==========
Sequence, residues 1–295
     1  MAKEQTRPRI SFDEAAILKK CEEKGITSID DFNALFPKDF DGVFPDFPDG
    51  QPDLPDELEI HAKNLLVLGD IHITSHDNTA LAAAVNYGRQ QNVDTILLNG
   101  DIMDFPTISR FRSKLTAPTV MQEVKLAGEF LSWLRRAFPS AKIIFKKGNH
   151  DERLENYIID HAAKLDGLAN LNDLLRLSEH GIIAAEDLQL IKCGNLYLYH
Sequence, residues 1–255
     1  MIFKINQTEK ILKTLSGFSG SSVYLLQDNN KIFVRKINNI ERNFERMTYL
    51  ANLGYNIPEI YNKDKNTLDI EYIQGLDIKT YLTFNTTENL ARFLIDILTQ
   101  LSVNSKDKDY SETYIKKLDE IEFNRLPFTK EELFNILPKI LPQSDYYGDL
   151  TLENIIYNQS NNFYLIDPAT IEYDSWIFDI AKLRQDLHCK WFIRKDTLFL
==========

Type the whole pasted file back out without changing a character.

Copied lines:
Sequence, residues 1–295
     1  MAKEQTRPRI SFDEAAILKK CEEKGITSID DFNALFPKDF DGVFPDFPDG
    51  QPDLPDELEI HAKNLLVLGD IHITSHDNTA LAAAVNYGRQ QNVDTILLNG
   101  DIMDFPTISR FRSKLTAPTV MQEVKLAGEF LSWLRRAFPS AKIIFKKGNH
   151  DERLENYIID HAAKLDGLAN LNDLLRLSEH GIIAAEDLQL IKCGNLYLYH
Sequence, residues 1–255
     1  MIFKINQTEK ILKTLSGFSG SSVYLLQDNN KIFVRKINNI ERNFERMTYL
    51  ANLGYNIPEI YNKDKNTLDI EYIQGLDIKT YLTFNTTENL ARFLIDILTQ
   101  LSVNSKDKDY SETYIKKLDE IEFNRLPFTK EELFNILPKI LPQSDYYGDL
   151  TLENIIYNQS NNFYLIDPAT IEYDSWIFDI AKLRQDLHCK WFIRKDTLFL